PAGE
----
scorecardresearchRetirement Planning: Simple steps to go about building your corpus
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Retirement Planning: Simple steps to go about building your corpus

Updated: 04 Oct 2022, 08:10 AM IST
TL;DR.
Many people falter in saving enough for their retirement either because they do not plan properly or they start too late. Planning for retirement involves making good investment decisions. Strategize your investments instead of haphazardly parking your money in options that would not yield you the desired corpus.

A recent survey carried out by Max Life Insurance Company Ltd highlighted how many Indians fail to plan their retirement early. The India Retirement Index Study (IRIS) ranked the country’s retirement index at 44 on a scale of 0 to 100. 

This underscores how many people fail to plan for the future. While health and financial preparedness ranked at 41 and 49, respectively, emotional preparedness remained near about 60, thus, indicating continued emotional dependence on friends and family, post-retirement.

Prashant Tripathy, Managing Director and CEO, Max Life Insurance says, “As India’s life expectancy increases and health trends change, the country’s elderly population is projected to grow nearly 41% to 194 million by 2031. There is also a review underway of the retirement age in India to align it with the increasing life expectancy. As industry and the wider ecosystem take steps in a positive direction, the robust and well-represented study reveals that Indians are also realising the need to plan for retirement early. However, the awareness is yet to translate into action in terms of proactively saving and investing.”

This is absurd considering how investments must be made to secure the future. This is appalling considering how investing without a purpose takes a toll on one’s ability to plan for years ahead. One way to escape this rigmarole and never-ending cycle of inadequate finances post-retirement is to plan early. However, it is not enough to plan. We must be aware of what kinds of investments we are willing to undertake, especially, as the market offers us a host of investments suitable for building a retirement bucket strategy.

Defining bucket strategy

How do we create a retirement bucket? For this, you must be aware of what bucket strategy means. In layman’s language, it means to have enough investments in place to ensure enough income that beats inflation in the long run. Apart, you must have enough liquidity to serve you in the short run, while your long-term investments must be able to generate constant income.

Plan for the first 15 years of your retirement. This also means that you have saved enough by your retirement date for reinvestment. Dividing your bucket strategy into income for the first 15 years and then the later years is important so that you give enough time for your reinvestments to grow and create a corpus instead of being subject to market volatility in the short run.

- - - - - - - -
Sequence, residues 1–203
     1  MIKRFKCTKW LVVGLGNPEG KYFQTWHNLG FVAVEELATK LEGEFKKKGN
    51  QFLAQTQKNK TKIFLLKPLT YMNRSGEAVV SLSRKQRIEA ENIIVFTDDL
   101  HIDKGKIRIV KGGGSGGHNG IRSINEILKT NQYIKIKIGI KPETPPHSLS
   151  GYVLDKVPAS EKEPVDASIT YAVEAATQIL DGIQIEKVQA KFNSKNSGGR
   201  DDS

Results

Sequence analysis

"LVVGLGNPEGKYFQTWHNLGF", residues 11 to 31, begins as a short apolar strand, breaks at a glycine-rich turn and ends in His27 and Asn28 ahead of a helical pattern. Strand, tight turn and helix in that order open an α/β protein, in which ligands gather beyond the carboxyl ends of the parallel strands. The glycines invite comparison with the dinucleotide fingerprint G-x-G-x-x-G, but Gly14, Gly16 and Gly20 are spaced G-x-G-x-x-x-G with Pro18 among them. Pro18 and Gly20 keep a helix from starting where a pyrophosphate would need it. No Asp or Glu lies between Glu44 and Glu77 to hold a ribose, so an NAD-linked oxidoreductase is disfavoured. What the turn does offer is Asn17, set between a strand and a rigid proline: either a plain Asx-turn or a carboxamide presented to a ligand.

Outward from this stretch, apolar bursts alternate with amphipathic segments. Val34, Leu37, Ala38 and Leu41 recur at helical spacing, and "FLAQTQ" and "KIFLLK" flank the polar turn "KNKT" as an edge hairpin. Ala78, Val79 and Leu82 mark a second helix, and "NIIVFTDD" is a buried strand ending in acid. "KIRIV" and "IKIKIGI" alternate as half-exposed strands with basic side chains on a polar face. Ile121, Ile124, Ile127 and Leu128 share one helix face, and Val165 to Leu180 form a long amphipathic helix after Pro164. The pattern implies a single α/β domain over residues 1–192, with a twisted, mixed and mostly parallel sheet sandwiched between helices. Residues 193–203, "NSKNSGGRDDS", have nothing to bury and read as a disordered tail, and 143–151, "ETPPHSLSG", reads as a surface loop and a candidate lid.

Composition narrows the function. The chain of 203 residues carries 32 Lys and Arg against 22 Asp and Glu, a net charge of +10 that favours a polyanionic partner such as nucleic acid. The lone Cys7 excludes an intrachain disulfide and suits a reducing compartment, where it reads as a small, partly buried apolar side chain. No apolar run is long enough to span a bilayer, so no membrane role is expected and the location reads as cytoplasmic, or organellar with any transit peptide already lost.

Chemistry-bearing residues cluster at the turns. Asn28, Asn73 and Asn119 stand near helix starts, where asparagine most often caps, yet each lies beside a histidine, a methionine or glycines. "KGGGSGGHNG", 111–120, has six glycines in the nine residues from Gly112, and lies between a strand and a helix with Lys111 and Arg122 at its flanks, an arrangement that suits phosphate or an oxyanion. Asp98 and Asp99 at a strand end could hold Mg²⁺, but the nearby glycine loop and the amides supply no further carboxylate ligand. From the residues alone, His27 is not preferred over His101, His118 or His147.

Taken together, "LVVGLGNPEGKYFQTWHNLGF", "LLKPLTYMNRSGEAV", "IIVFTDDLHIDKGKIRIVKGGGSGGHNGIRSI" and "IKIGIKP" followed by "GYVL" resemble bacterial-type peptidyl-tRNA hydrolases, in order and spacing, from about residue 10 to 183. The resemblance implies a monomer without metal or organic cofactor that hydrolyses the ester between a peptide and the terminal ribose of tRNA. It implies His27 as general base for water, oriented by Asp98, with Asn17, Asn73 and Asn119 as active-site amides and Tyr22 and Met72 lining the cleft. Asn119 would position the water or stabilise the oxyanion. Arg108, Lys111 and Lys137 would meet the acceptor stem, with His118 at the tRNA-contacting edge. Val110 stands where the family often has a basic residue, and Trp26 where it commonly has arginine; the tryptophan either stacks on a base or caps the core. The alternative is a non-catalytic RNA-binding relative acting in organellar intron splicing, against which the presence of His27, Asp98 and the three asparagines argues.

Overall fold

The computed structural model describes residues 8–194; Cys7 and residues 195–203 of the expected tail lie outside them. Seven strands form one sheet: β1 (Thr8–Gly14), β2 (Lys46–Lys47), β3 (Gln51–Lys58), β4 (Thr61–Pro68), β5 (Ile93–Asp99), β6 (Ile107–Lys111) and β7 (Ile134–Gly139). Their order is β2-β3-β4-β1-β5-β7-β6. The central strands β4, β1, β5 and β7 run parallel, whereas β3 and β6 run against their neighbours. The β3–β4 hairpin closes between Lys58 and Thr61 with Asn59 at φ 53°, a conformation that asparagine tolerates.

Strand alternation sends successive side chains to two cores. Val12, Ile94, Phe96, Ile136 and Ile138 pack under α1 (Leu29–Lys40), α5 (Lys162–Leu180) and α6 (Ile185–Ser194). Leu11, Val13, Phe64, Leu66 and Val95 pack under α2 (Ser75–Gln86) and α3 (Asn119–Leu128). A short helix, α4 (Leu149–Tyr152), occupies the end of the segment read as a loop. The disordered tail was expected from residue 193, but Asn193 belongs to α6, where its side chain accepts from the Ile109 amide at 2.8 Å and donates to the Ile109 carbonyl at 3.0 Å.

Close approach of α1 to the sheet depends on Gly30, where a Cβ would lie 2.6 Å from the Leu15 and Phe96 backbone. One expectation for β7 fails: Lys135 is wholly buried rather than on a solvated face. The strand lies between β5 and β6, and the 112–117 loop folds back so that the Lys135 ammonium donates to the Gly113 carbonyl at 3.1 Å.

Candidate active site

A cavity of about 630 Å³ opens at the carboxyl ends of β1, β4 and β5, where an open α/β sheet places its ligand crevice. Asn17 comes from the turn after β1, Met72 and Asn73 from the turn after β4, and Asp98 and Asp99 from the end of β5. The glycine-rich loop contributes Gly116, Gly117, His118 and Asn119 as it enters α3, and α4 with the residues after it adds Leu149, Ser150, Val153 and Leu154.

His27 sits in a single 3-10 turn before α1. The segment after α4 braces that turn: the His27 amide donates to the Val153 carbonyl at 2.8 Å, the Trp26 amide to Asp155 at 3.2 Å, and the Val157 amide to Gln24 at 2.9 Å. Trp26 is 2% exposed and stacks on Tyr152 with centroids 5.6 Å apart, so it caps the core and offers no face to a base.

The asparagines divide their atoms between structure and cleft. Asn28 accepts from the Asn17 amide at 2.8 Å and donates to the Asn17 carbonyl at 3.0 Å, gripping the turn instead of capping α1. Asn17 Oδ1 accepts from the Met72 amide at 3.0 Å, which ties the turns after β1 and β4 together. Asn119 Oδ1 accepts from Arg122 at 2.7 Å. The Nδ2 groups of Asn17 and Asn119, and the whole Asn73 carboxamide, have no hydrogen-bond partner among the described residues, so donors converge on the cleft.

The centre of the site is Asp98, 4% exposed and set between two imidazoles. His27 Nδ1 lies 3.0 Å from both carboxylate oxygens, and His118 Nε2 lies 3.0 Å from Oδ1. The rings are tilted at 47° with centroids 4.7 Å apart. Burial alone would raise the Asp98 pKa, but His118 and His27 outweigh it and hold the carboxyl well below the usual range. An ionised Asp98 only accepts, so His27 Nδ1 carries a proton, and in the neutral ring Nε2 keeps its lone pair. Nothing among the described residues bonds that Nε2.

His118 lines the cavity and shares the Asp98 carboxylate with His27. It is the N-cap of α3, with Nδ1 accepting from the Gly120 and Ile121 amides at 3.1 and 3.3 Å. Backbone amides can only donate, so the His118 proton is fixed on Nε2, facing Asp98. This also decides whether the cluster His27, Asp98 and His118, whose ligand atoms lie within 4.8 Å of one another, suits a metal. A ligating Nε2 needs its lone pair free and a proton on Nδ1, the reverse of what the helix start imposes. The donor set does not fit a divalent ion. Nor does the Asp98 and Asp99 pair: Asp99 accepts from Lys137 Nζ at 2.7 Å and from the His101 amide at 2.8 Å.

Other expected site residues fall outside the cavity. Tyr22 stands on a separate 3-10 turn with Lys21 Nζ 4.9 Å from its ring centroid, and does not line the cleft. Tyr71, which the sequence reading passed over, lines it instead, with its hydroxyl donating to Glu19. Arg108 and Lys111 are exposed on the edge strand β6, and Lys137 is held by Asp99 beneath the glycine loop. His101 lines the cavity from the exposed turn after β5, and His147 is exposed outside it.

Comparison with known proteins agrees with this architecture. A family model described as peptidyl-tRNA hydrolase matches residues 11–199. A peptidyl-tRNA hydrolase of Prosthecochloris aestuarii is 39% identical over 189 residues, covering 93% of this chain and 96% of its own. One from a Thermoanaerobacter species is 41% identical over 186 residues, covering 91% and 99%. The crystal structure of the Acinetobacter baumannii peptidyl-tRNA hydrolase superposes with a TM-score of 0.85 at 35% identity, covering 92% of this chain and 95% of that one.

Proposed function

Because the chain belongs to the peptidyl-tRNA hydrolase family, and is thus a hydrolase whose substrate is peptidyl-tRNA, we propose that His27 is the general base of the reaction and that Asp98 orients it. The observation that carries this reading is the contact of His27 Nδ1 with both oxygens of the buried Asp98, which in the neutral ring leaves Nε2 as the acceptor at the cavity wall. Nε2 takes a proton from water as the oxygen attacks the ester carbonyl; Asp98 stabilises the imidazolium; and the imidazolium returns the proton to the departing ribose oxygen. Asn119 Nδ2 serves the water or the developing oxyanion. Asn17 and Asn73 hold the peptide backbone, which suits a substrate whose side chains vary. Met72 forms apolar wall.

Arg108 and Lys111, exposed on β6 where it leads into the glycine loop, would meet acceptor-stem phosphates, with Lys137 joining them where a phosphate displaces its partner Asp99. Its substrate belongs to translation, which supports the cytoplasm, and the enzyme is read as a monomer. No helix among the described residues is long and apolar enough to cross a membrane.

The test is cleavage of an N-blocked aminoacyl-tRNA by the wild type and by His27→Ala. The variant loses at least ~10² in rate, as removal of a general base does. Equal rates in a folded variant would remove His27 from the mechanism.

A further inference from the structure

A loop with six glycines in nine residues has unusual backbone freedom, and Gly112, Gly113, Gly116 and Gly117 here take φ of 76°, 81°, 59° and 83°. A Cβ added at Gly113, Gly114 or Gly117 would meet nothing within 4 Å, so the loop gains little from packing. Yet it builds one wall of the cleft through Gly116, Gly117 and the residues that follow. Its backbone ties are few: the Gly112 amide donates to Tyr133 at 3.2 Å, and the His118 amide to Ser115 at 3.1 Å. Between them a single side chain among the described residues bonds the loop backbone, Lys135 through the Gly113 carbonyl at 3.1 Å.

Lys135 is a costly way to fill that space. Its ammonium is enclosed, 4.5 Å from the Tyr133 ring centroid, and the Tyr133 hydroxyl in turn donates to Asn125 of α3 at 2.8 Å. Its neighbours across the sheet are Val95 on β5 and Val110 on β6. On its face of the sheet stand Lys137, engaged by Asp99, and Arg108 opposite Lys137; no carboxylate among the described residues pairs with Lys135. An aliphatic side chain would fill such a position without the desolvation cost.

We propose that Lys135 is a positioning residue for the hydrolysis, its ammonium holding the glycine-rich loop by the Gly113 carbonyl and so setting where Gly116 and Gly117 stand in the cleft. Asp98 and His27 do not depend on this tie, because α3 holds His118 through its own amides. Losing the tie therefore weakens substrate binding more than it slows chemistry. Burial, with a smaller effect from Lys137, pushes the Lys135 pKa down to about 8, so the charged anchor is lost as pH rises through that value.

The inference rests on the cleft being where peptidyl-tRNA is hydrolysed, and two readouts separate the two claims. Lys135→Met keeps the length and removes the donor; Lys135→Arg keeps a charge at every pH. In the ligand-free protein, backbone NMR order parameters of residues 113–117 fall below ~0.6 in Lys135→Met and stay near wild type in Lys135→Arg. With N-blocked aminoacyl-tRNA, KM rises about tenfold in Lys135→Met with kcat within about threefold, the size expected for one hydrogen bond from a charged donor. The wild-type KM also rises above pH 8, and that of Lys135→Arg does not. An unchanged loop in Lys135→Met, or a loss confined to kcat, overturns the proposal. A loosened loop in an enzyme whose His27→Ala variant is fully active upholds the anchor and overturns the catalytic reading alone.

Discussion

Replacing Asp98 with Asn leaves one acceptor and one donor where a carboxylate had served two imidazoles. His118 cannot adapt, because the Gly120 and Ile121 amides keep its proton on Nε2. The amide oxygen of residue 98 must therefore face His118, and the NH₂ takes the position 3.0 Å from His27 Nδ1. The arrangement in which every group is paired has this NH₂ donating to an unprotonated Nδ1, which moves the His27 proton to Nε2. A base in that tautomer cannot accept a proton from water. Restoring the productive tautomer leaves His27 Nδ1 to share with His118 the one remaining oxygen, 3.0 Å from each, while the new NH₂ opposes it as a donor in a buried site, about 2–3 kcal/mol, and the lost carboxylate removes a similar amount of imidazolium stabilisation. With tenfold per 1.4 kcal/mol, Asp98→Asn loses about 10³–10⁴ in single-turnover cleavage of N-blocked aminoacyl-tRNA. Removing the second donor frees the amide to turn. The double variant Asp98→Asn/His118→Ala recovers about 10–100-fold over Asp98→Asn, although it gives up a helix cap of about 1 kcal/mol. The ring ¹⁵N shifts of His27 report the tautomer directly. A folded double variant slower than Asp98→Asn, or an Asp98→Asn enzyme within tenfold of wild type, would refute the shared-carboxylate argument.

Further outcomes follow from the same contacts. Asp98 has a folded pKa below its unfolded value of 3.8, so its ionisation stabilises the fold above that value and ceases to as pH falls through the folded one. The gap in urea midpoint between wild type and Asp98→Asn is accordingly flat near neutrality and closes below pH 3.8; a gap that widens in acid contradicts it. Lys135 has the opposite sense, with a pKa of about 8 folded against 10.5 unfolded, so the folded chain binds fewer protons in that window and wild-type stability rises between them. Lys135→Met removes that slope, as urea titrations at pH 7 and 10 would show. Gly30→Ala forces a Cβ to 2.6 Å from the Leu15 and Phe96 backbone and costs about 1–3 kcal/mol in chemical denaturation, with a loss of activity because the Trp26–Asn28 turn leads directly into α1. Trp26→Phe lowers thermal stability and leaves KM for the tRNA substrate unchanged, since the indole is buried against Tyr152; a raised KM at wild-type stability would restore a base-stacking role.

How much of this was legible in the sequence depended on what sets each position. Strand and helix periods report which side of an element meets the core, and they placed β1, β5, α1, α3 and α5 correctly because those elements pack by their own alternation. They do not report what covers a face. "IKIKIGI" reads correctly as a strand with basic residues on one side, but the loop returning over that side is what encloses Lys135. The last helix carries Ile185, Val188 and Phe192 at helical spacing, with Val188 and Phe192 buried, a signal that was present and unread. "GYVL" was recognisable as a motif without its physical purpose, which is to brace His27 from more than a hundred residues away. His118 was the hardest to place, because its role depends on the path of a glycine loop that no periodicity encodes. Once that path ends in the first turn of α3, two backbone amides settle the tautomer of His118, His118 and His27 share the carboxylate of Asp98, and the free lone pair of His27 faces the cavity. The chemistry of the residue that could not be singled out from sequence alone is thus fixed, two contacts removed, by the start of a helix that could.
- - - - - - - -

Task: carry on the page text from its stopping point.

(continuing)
Setting aside your money for only two to three years and then relying on reinvested money may backfire due to sudden market crashes or the aftermath of an unprecedented recession-like situation. You may imagine what it would feel to see a major part of your corpus being wiped out due to poor market returns within a few years of retirement.

Planning your retirement

It is not difficult to plan your retirement provided you start early. Plan your retirement within a month of receiving your first pay. This may sound unconvincing but once you realize the consequences of being financially inept, you would consider dividing your retirement money into different buckets, each sizeable to meet different phases of life. These include:

  • Emergency corpus: How do you tackle unexpected expenses? Obviously, with the money, you had set aside to pay for your emergencies. Keep some cash in hand and at the bank. Have some short-term and medium-term fixed deposits that you may liquidate as and when you need.
  • Guaranteed income sources: You can start by creating a pension income for yourself. If you are wary of annuity pension plans with obscure interest rates and the hefty premiums they charge, go for the government-sponsored National Pension Scheme (NPS). To date, the interest earnings from both Tier-1 and Tier-2 of NPS regulated by the Pension Fund Regulatory and Development Authority (PFRDA) are listed below.

Image showing returns from various schemes under NPS Tier -1 
Image showing returns from various schemes under NPS Tier -1 
Image showing returns from various schemes under NPS Tier -2
Image showing returns from various schemes under NPS Tier -2

Since its inception, this scheme has earned more than 10 per cent returns for its investors. Assuming a conservative estimate of 10 per cent returns on NPS investments, you may avail a monthly pension of 56,983 by just investing 10,000 per month for the next 30 years till you retire. More importantly, you avail of this pension only when you opt to convert 50 per cent of your corpus into an annuity. In case, you are inclined to a higher income every month so that you can set aside your remaining earnings for reinvestments for a stronger financial future.

Monthly Investment 

(in Rs)

Investment Tenure 

(in years)

Interest Earnings 

(in %)

Corpus Accumulated 

(in Rs)

Purchasing Annuity at Rate (in %)

Monthly Pension 

(in Rs)

10,00030102,27,93,2541001,13,966
10,00030102,27,93,2545056,983

This means that you can earn a monthly income on the entire corpus accumulated or choose to convert only a portion of it into monthly income and redeem the remaining amount in a lump sum.

Apart, the PFRDA is likely to come up with an assured return scheme in the coming months. The scheme is in the final stages of planning and will take a few months before it is launched.